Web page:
The District Court (Judge Day) gave a clear exposition of the patent, the relation of its metal parts1 to the masonry [251 U.S. 134, 139] parts and their co-operating functions, and adjudged the patent valid and the wall of the city of Akron an infringement of it.
The Circuit Court of Appeals affirmed the decree. The court said that the record disclosed nothing which anticipated 'the substantial thought of the patent.' If it had done so, or, to quote the exact language of the court:
Those decisions confronted the District Court in the present suit and fortified the pretensions of the patent. They were attacked, however, as having been pronounced upon a different record and this conclusion was accepted by the District Court. The latter court found from the new evidence the existence of a structure upon the nonexistence of which the Circuit Court of Appeals for the Sixth Circuit based its conclusion. The District Court said that Bone was not the first to do the things he asserted he was the first to do, and that whatever the record in the Sixth Circuit might have shown, so far as the record before the court 'was concerned, the absolute converse of that proposition' had 'been demonstrated.'
The court, therefore, as we have said, dismissed the bill for want of equity.
The decree was affirmed by the Circuit Court of Appeals; indeed, the reasoning of the District Court was approved after painstaking consideration of the patent and an estimate of the anticipatory defenses; none of which the court said was introduced in the Akron Case, 'otherwise a different conclusion would have been reached,' adducing the opinion of the court. 249 Fed. 214, 161 C. C. A. 247. This being so, and there is no doubt it is so, the present case is relieved of the authority or persuasion of the Akron Case and it becomes necessary to consider the prior art and decide the extent and effect of its anticipation.
We have given a cross section of the device of the [251 U.S. 134, 141] patent, showing its shape and strengthening 'metallic members,' and the patent informs of their co-operative function. We reproduce the device and set by its side the Marion county wall for comparison.
If we may assign novelty to the Bone wall and consider it a broad advance upon the prior art [the extent of its advance, if any, we shall consider later], we may assign infringement of it by the Marion county wall. To an examination of the prior art we are therefore brought.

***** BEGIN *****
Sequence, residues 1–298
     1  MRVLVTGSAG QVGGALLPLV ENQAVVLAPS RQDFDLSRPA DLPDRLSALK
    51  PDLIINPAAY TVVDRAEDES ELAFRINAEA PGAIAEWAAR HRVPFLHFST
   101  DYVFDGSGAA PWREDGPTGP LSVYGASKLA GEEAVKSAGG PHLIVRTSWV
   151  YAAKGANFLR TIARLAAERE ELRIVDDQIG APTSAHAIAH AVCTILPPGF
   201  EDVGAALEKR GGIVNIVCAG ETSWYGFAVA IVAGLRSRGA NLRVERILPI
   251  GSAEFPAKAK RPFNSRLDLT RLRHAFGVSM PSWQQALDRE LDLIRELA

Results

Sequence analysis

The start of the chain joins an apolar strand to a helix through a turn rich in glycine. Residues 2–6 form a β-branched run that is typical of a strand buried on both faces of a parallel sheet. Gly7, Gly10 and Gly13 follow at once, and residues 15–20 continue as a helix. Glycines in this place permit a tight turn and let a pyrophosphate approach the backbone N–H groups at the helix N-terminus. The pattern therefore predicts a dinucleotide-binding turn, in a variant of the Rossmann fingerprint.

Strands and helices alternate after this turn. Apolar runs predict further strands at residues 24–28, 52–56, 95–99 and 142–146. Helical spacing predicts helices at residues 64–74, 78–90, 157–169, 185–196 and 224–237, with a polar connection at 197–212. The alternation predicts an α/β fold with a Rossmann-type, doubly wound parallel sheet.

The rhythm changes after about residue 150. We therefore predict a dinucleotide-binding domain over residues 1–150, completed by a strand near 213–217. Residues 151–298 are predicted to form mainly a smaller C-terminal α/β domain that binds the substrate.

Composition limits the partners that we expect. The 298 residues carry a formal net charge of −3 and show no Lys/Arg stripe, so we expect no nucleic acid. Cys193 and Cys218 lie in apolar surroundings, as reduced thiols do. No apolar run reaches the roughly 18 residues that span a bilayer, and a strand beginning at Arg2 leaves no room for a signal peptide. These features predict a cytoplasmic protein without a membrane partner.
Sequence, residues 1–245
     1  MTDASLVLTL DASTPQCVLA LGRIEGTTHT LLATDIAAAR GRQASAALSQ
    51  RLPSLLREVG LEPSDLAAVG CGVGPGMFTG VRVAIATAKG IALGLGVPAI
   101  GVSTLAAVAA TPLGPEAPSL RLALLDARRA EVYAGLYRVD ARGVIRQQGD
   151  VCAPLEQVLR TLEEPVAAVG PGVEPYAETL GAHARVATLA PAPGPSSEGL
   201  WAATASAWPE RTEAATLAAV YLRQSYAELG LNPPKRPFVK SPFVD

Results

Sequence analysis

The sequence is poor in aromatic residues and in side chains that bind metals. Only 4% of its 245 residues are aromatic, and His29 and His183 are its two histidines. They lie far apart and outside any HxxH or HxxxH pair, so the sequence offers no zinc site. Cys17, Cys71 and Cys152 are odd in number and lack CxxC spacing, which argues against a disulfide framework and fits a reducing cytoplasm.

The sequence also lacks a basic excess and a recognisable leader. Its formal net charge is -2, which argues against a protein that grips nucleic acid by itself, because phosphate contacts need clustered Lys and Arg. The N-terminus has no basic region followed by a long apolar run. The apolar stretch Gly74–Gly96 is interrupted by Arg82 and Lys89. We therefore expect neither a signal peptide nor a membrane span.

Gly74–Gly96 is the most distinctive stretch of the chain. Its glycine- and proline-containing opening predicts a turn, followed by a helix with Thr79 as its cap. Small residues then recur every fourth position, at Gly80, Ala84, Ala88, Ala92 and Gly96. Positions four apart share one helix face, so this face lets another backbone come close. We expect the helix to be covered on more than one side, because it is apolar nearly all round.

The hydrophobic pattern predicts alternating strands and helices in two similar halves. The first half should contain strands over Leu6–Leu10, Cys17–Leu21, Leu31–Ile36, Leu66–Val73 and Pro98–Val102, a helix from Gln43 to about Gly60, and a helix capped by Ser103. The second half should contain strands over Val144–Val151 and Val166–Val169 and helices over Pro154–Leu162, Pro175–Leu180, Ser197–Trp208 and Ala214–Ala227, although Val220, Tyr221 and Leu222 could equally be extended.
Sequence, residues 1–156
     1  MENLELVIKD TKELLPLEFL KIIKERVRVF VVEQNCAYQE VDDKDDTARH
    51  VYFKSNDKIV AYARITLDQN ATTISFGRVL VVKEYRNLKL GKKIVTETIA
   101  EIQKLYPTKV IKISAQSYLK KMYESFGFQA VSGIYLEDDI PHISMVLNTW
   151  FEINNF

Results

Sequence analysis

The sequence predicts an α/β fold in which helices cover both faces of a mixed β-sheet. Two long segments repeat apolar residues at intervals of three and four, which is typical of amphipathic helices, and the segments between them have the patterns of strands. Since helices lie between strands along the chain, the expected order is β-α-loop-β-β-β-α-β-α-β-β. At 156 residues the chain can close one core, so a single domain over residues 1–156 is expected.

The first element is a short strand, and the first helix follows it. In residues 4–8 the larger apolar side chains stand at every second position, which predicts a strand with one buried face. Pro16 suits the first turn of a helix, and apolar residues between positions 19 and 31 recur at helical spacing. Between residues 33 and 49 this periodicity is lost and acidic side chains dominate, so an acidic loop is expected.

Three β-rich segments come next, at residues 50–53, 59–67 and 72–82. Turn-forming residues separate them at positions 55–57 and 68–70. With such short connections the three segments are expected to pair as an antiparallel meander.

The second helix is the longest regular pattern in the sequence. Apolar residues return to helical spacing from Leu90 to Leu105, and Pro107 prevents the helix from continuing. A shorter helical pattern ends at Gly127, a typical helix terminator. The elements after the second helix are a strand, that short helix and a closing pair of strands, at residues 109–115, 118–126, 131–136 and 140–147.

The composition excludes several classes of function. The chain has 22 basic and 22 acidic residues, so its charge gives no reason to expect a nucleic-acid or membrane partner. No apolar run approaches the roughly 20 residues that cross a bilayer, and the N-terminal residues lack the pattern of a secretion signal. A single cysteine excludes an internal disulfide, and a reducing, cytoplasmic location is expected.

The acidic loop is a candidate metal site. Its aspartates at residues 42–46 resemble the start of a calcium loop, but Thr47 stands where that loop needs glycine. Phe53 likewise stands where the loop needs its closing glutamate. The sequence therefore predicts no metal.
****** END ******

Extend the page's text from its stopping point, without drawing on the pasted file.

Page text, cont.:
It would be difficult to add anything to the consideration and comment of the Court of Appeals. The court cited in support of its judgment a patent issued to Francois Coignet in 1869, and one issued to Stowell & Cunningham in 1899 upon an application made in 1897, and to articles written by P. Planat which appeared in 1894 and 1896 in a scientific magazine called 'La Construction Moderne,' published in Paris; also a publication which appeared in Germany in 1894 concerning a wall which is given the name of Bauzeitung wall. The article recites that a 'utility model patent' had been granted, consisting 'of a vertical and a horizontal member.'
The Coignet patent is somewhat indefinite. It relates, according to its declaration, to 'monolithic structures, or articles made of artificial stone paste' into which irregular shaped irons are introduced to be 'arranged in such a [251 U.S. 134, 142] manner as to interlace each other, so that by the combination of this metallic skeleton and of agglomerated artificial stone paste the thickness of the walls or size of the articles may be considerably reduced and yet great strength be attained.'
It will be observed that there is nothing explicit of how 'stone paste' and the 'irregular shaped irons' operate or co-operate, aside from their cohesion or interlacing. Their arrangement is not definite as the 'metallic members' in the Bone patent are, so that there might be as in that patent, reinforcing metal in the heel of the wall acting with its upright portion serving the function, to quote Judge Day, 'of a cantilever beam whereby the weight of the material pressing upon the heel is transferred to the upright of the wall and operates to retain the wall in a vertical position.'
If there was any prophecy (to borrow counsel's word) in it the world was slow to discern it, and we are not disposed to give much anticipating effect to it, a view in which we have confirmation in the disclaimer of Bone-he conceding he was not the first to discover the art of reinforcing concrete.